The Big Darby Accord planning area encompasses the 56,000 acres of the Big Darby watershed within Franklin County. Including the county, ten jurisdictions are located within or adjacent to the planning area. The city of Columbus is the sole provider of centralized sewer service and has historically required annexation as a condition of providing service. A long history of public mistrust and competing interests in the watershed led the city of Columbus to enact a moratorium on the extension of sewer and water service to the area in 2002. The Accord planning process was initiated to cooperatively develop a plan that preserves the ecology of the Big Darby Watershed while providing direction for responsible, managed growth.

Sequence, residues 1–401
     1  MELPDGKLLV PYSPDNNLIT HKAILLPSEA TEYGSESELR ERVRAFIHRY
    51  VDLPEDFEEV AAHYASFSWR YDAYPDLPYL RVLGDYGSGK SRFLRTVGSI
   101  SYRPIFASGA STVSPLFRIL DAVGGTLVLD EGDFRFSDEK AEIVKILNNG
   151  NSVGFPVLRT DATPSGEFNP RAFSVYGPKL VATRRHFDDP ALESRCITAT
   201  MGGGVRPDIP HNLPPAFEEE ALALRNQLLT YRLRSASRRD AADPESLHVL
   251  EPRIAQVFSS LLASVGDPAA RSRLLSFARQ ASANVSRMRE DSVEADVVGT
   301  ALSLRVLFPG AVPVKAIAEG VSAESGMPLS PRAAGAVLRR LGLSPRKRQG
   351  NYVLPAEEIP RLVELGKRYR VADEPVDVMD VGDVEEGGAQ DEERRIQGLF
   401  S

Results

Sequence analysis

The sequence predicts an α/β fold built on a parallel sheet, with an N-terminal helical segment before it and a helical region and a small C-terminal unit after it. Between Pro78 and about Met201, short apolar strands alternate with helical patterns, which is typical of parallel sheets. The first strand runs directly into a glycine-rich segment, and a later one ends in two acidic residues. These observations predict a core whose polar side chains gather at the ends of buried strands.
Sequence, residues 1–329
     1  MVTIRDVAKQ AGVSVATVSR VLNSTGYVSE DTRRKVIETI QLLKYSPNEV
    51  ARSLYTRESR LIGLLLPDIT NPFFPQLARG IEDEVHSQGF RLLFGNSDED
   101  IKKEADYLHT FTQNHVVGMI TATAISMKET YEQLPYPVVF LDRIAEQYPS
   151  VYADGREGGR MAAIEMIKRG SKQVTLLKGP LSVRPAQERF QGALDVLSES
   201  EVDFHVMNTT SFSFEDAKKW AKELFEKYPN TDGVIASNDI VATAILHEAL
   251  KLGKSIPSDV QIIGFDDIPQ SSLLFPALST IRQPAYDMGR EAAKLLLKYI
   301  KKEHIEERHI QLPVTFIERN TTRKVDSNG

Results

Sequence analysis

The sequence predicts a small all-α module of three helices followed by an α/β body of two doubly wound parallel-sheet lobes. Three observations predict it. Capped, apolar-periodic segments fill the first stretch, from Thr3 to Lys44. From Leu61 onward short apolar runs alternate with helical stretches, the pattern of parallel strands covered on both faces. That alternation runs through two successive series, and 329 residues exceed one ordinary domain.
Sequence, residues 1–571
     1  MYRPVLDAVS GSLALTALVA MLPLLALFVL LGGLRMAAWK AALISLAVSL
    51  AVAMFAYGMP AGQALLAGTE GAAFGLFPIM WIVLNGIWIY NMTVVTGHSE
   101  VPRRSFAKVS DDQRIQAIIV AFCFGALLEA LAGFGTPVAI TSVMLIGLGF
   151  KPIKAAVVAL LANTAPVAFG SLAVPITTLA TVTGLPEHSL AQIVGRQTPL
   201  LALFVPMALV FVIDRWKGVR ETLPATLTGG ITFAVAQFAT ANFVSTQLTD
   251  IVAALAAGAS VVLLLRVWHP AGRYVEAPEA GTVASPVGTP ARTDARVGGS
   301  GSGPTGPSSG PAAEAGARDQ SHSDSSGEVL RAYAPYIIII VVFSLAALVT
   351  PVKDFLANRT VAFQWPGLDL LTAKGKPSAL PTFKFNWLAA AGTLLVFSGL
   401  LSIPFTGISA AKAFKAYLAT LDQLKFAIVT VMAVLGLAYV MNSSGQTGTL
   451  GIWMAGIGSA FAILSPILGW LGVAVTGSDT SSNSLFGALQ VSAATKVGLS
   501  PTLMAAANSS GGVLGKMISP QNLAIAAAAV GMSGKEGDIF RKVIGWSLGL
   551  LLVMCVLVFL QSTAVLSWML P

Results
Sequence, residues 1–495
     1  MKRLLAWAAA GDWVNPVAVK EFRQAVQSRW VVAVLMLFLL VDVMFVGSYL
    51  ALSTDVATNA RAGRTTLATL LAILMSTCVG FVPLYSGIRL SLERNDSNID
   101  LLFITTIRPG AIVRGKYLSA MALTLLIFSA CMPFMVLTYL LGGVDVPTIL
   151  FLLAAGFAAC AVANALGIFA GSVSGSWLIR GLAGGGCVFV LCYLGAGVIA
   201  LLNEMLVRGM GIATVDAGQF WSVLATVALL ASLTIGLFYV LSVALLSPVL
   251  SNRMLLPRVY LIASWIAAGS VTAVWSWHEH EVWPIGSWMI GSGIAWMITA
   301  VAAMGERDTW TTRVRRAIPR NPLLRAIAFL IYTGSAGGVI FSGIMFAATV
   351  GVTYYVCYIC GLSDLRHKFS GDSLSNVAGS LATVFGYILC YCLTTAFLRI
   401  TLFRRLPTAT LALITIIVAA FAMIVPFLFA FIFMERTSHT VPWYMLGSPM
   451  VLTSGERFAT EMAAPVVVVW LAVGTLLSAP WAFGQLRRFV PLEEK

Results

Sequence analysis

Collaboration Drives the Process
The Accord planning process began in April 2005 and was funded jointly by the ten member jurisdictions with a participation agreement that clearly outlined roles and responsibilities.